We should clarify here that what we have just said in no way prejudices the salvation of those without faith in Christ. Non-Christians who live an upright life in accord with their conscience are also saved by Christ and in Christ, although they do not know him here on earth. Christ is the universal Redeemer and Savior of the human race. He is the salvation of all who are saved.

3. Ethical-Social Relativism

We will now go on to consider ethical-social relativism. By this expression we want to point out not only that today’s relativism has many evident manifestations in the ethical-social order, but also, and principally, that it presents itself as justified by ethical-social reasons. This explains both the ease with which it has spread and the ineffectiveness of certain attempts to combat it.

Habermas formulates an ethical-social justification for relativism in the following way. In present-day society we find a pluralism of conceptions of and ways of living the human good. This puts us before a clear alternative: either we renounce the classical pretension of pronouncing value judgments on the various lifestyles that experience offers us, or we renounce defending the ideal of tolerance, according to which every philosophy of life has the same worth as any other, or, at least, all have the same right to exist.[17] The force of this kind of reasoning lies in the fact that historically men have often violently “sacrificed freedom on the altar of truth.” Thus it is easy to seem to be defending freedom, while actually falling into the opposite extreme of violently “sacrificing truth on the altar of freedom.”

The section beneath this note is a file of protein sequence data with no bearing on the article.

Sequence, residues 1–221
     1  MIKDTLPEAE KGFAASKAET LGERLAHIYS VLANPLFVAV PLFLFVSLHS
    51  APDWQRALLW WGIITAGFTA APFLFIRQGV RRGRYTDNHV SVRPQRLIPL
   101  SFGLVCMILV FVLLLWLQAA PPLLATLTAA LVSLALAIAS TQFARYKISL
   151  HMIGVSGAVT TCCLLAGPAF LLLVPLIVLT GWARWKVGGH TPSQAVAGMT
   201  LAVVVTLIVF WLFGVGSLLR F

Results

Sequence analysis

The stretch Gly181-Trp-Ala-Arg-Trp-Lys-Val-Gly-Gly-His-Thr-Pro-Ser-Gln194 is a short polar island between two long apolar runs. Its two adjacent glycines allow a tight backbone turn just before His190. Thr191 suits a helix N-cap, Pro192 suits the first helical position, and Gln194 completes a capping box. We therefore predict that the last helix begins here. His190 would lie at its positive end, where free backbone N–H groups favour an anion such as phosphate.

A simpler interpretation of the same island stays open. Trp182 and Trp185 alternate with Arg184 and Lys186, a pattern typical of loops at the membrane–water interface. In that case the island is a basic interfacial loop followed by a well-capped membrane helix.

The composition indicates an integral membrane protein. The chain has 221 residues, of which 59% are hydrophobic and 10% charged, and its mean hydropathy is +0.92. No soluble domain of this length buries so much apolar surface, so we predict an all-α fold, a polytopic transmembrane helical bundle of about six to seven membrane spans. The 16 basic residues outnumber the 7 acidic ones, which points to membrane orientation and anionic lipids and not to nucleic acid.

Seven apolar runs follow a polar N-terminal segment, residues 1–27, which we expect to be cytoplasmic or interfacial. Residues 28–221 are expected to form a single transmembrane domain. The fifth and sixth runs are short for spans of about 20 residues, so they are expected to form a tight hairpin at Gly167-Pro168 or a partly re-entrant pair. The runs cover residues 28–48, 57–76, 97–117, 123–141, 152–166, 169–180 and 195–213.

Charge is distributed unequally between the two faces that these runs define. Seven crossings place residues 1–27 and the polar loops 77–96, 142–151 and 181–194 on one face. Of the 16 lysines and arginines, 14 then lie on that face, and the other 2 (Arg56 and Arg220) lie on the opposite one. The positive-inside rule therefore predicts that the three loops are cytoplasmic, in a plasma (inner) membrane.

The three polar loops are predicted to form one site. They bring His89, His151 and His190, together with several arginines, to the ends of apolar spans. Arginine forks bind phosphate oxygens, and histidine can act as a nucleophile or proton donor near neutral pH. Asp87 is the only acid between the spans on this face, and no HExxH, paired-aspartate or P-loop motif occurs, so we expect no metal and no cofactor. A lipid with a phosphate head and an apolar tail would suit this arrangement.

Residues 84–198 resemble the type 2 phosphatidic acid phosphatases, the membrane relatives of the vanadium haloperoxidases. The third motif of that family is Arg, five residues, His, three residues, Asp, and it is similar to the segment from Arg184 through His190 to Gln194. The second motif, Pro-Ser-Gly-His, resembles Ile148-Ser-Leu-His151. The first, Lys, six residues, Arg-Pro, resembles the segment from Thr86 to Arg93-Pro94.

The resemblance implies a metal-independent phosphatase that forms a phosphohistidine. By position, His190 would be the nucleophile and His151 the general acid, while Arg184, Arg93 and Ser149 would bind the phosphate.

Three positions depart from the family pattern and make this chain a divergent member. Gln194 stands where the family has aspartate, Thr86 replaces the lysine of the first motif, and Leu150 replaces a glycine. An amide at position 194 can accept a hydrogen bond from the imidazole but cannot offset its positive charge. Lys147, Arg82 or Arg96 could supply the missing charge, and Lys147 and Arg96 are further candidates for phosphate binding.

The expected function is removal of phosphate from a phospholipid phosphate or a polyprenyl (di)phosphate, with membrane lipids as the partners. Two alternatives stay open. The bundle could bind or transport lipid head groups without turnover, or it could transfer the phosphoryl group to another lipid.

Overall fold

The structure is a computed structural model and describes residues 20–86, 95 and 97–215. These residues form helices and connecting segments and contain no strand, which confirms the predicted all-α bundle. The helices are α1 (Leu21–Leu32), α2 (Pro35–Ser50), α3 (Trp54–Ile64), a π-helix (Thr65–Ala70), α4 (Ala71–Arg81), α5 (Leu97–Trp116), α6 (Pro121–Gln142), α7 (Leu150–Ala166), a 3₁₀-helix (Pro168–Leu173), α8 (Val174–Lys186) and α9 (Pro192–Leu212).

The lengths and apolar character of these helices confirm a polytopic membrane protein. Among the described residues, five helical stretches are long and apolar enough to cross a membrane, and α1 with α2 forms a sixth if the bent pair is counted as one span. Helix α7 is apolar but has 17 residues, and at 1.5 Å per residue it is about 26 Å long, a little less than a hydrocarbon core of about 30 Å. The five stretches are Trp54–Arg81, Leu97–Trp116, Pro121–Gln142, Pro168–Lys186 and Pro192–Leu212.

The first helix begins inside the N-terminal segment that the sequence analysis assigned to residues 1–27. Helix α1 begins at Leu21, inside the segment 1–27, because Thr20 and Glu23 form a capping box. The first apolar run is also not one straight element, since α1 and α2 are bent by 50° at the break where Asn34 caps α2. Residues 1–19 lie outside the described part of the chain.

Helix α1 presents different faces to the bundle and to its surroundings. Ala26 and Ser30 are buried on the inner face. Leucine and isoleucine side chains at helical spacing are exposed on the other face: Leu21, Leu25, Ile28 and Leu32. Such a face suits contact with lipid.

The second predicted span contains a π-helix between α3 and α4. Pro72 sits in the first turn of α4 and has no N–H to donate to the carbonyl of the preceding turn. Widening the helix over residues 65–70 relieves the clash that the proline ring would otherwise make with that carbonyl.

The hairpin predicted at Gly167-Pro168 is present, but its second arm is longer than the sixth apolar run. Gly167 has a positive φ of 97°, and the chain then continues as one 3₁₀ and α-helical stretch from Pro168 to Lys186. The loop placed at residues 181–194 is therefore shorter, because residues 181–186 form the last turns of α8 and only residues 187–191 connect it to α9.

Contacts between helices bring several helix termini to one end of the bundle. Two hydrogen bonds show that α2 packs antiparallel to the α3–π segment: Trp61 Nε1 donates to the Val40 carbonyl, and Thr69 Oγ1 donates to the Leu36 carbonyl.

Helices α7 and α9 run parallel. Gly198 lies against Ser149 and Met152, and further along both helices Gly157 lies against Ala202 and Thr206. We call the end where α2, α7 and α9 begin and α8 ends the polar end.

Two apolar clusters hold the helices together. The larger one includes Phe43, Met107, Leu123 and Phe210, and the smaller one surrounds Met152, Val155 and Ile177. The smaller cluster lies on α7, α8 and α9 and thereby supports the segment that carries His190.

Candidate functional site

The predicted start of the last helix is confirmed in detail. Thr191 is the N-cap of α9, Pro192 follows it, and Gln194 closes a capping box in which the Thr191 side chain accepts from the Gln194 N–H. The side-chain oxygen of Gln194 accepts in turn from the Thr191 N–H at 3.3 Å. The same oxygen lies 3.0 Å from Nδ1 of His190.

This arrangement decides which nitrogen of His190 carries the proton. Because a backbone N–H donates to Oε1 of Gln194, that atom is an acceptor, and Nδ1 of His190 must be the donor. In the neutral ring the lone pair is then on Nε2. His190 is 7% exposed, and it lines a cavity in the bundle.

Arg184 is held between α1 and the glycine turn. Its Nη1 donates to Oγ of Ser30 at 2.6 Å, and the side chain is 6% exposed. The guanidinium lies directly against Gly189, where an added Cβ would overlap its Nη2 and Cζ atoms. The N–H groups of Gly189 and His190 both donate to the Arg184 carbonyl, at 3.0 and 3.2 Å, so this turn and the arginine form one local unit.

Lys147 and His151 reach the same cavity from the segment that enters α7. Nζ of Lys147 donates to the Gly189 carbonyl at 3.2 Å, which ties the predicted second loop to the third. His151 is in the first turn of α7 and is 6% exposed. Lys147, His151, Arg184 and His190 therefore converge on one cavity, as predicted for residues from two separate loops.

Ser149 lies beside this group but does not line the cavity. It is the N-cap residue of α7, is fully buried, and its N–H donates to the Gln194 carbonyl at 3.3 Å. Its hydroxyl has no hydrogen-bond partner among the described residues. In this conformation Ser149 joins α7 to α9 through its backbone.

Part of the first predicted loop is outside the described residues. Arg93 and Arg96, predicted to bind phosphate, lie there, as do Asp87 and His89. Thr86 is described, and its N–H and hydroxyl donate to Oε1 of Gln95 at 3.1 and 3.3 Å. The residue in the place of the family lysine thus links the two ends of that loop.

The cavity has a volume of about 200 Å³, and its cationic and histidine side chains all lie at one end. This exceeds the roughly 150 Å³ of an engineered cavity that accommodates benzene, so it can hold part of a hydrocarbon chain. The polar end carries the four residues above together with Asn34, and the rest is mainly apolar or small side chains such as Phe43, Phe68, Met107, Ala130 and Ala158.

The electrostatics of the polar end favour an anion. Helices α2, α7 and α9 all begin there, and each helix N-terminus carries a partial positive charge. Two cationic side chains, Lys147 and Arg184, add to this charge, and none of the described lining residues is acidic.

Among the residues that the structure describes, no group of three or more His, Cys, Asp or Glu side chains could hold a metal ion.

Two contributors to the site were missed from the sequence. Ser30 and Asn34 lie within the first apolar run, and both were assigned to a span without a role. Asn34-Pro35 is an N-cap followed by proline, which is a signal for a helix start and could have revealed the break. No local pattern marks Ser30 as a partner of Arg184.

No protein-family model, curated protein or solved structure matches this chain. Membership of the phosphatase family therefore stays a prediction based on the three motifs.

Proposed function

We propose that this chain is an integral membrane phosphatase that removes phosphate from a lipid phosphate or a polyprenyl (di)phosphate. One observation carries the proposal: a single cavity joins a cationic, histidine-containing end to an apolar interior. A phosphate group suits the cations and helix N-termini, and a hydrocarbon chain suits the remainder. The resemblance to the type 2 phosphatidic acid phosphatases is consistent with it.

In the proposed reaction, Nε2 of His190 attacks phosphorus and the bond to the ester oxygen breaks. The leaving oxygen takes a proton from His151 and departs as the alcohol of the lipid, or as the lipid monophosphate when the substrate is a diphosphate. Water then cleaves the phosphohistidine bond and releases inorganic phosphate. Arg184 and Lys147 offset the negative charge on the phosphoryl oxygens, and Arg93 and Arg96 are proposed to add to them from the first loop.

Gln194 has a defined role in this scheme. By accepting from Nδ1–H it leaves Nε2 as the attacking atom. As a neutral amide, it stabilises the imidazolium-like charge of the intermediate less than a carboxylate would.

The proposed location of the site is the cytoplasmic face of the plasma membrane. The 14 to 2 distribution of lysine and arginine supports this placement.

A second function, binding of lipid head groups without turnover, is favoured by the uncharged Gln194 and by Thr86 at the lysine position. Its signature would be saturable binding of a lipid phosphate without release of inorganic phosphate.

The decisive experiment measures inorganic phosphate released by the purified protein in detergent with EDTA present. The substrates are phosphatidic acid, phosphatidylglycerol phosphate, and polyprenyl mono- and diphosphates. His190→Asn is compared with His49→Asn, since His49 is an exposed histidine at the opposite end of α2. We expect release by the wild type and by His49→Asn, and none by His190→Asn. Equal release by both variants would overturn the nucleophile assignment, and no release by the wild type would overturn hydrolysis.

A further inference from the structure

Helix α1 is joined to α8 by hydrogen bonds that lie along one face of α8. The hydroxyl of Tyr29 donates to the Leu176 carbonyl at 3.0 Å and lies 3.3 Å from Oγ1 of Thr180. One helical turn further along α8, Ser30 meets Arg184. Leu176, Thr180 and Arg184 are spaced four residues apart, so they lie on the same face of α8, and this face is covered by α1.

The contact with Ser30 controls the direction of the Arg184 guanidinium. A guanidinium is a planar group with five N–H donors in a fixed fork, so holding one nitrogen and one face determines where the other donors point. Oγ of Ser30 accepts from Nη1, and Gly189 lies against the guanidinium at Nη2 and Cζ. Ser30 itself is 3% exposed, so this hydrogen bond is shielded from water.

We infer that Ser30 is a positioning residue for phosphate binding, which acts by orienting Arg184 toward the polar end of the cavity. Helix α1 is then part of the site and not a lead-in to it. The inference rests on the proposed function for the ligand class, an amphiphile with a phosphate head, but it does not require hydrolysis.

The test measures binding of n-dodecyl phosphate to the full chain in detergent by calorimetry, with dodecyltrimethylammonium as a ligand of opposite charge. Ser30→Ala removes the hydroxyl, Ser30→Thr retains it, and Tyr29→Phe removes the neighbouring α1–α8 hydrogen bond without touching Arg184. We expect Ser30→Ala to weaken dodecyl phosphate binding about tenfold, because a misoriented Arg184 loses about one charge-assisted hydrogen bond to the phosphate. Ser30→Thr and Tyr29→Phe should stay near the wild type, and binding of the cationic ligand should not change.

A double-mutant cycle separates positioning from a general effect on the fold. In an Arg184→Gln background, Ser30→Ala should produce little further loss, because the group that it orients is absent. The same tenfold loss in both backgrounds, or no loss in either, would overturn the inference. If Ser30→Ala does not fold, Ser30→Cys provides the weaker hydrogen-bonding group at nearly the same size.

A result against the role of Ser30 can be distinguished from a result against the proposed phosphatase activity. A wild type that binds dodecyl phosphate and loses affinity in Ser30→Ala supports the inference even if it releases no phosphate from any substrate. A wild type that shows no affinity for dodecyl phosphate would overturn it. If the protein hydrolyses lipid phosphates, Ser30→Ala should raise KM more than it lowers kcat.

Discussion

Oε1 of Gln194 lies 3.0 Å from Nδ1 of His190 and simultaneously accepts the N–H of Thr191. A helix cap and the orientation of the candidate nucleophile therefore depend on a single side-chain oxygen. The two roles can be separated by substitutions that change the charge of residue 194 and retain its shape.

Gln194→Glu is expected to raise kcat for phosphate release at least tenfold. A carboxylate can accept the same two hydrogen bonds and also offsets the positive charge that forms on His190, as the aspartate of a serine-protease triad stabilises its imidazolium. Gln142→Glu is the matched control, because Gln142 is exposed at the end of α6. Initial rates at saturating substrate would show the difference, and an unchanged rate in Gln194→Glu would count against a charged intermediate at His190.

This can be clearly seen in the way a relativistic mentality attacks its adversaries. To those who affirm, for example, that heterosexuality is of the essence of marriage, the claim is not made that this thesis is false. Rather those who hold it are accused of religious fundamentalism, intolerance, or an anti-modern spirit. Much less is there any attempt to defend the contrary thesis. The characteristic of the relativist mentality is to say that this thesis is one that happens to exist in society, together with its contrary, and perhaps with others, and that all of them in the end are of equal value and have the same right to be socially recognized. Those defending relativism don’t oblige anyone to get married to a person of the same sex, but anyone who wants to do this should be free to do so. This is the same reasoning used to justify the legalization of abortion and other attacks against the human life of persons who, because of their situation, cannot actively vindicate their rights and whose collaboration is not necessary to us. No one is obliged to have an abortion, but those who want to should be able to attain one.

The relativist mentality is open to many different criticisms. But what one should never do is to reinforce, with one’s words or attitudes, what is most persuasive in that mentality. That is to say, whoever attacks relativism should never give the impression that he is disposed to sacrifice freedom on the altar of truth. Rather one should make clear that one is very aware that the move from the theoretical perspective to the ethical-political perspective has to be done with great care. It is one thing to refuse to accept that those who affirm and deny the same thing can be equally correct; quite other is the thesis that only those who think in a particular way should enjoy all the rights of civil freedom under the law. All confusion between the theoretical plane and the ethical-political plane should be avoided. The relationship of conscience with truth is one thing, while justice among people is something quite different. Following this logic one can then show, in a credible way, that in regard to an affirmation that tries to say how the world is, that is, in regard to a speculative thesis, one can only say that it is true or false. Speculative theses are neither strong nor weak, neither private nor public, neither cold nor hot, neither violent nor peaceful, neither authoritarian nor democratic, neither progressive nor conservative, neither good nor bad. They are simply true or false.